This year marks the hundred-year anniversary of some of America’s most important battles in World War I. That makes it a fitting time to reflect on the achievements of some of the war’s forgotten heroes, including Boston’s own Charles Leo O’Connor.
From the outside, nothing much seemed to distinguish O’Connor. A lowly water tender, he held one of the dirtiest jobs in the US Navy: shoveling coal into the boilers of the USS Mount Vernon, a merchant ship that had been converted into a troop transport. But on September 5, 1918, a sudden tremor ripped through the bowels of the steamer as a German torpedo found its mark, and O’Connor showed his true nature.
The story of that fateful day is retold in a new book, The Unknowns: The Untold Story of America’s Unknown Soldier and WWI’s Most Decorated Heroes Who Brought Him Home by Patrick K. O’Donnell. Slated for release in May, The Unknowns follows eight American heroes who accomplished extraordinary feats in some of the war’s most important battles. As a result of their bravery, these eight men were selected to serve as Body Bearers at the ceremony where the Unknown Soldier was laid to rest at Arlington Cemetery.
One of those Body Bearers was O’Connor, a thirty-one-year-old, brown-haired, hazel-eyed Irish American born in Cambridge, Massachusetts. Although he stood just five-foot-nine, O’Connor weighed a beefy 212 pounds, almost all that bulk muscle amassed from five years of shoveling coal for the Navy.
O’Connor had a job only Mike Rowe could love. He spent his shifts just inches away from the hell-like blast furnaces that powered the mighty steamer, which was nearly as large as the Titanic. Sweat poured down his body, making rivulets in the encrusted coal dust that he could never fully wash away.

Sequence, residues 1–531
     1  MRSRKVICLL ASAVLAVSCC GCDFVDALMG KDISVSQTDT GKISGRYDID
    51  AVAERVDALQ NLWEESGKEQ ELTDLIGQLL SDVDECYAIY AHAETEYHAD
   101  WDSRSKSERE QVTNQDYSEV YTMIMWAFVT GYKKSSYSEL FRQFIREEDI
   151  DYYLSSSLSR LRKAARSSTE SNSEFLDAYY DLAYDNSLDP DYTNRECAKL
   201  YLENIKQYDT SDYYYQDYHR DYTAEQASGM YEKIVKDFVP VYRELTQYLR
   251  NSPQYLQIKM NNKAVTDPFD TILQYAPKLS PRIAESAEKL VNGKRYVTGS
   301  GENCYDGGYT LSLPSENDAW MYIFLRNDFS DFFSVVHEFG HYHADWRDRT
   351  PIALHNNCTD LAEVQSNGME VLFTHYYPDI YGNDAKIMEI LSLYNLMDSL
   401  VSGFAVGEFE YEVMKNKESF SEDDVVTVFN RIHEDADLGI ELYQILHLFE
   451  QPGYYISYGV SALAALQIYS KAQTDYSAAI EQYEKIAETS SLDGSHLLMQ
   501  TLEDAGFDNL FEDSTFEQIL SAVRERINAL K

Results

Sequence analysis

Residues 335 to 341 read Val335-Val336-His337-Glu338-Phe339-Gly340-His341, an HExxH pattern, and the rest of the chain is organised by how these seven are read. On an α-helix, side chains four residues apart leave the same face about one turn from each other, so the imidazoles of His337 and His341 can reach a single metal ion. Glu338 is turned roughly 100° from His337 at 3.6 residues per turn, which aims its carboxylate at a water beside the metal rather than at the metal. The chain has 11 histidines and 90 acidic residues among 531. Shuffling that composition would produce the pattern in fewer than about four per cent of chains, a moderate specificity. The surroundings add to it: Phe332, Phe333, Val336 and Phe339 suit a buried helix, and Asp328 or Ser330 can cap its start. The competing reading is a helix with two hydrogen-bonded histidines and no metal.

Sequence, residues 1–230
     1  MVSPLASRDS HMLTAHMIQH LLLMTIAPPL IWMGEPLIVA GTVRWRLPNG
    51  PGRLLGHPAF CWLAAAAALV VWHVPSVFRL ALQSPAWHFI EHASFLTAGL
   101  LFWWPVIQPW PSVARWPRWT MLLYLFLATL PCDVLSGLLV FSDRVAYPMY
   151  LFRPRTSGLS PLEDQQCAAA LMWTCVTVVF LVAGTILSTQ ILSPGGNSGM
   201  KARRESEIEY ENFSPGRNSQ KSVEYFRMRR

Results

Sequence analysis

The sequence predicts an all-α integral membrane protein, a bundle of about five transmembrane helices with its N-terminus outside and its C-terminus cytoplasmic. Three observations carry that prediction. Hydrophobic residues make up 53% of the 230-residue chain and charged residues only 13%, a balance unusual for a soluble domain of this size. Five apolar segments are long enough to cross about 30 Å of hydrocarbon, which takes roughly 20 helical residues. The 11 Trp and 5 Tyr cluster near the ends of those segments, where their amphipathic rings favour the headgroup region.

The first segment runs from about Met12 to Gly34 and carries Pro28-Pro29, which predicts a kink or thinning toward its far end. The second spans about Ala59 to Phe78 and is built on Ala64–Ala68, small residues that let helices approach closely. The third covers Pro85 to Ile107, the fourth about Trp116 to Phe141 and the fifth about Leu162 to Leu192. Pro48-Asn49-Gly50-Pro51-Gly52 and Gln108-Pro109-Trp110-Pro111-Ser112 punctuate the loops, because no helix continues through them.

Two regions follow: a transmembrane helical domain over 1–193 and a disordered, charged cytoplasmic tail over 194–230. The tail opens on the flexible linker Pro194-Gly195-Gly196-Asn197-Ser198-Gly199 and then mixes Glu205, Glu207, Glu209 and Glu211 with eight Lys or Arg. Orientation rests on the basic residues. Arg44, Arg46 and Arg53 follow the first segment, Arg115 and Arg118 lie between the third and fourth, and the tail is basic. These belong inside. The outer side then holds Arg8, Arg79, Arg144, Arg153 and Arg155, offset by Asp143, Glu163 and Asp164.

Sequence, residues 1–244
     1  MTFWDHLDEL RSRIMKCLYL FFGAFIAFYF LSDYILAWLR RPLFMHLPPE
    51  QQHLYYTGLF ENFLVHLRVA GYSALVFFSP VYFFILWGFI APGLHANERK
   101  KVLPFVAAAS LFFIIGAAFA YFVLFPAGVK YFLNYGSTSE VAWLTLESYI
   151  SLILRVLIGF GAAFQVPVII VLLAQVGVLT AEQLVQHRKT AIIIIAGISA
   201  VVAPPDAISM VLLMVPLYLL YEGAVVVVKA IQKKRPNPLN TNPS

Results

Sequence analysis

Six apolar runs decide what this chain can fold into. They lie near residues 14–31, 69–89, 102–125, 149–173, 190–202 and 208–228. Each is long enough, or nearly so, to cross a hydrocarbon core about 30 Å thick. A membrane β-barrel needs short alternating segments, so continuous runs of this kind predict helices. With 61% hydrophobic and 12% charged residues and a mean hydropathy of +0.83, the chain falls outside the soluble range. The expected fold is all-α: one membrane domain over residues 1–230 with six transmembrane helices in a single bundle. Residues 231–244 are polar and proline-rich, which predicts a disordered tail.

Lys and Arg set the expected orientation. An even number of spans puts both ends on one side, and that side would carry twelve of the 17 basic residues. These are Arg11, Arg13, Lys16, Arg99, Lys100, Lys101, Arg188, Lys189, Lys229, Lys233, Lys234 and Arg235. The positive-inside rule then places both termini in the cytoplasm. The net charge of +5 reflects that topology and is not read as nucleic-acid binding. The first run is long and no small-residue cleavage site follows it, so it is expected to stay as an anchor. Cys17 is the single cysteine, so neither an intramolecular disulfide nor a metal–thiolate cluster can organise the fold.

At 8:00 a.m. on September 5, 1918, O’Connor had just come on duty in the No. 8 fire room. Other than the rainbow which arced across the dawn sky — a sign veteran mariners considered a warning of impending doom — it seemed like just another average day.
Mount Vernon was steaming back across the Atlantic toward New York, having delivered hundreds of American fighters to France. But the ship was far from empty. A worldwide influenza epidemic was raging, and the steamer, like many others, had become a plague ship. With the soldiers trapped in tight quarters, Spanish influenza quickly spread throughout the ship, leading to grave illness or even death. Many of those who had set out on the journey to France well were no longer capable of fighting, and as a result, were now heading back home. It was up to O’Connor and the rest of the Navy crew to make sure that they made it there safely.
But that morning, a massive explosion suddenly rocked the ship.
O’Connor fell to the deck, “instantly enveloped and almost fatally burned in the flame of gases driven from the furnaces.” The high pressure of the boiler room forced a sheet of fire into the compartment. As the power cut out, the overhead lights went dark. A shower of scalding coal dust and debris rained down on his head, scorching his body as the searing heat burned his throat and lungs. Before he could catch his breath, a torrent of seawater rushed into the compartment.
A torpedo had struck Mount Vernon amidships, not far from O’Connor’s position. Thirty thousand tons of metal were lifted, twisted, cracked, and bent from the explosion. Thousands of gallons of water rushed into the ship. Within minutes, Mount Vernon, sinking fast, dangerously rode ten feet below her normal waterline. Fatefully, the explosive had struck some of the fire rooms and boilers, where the stores of coal compounded the force of the blast.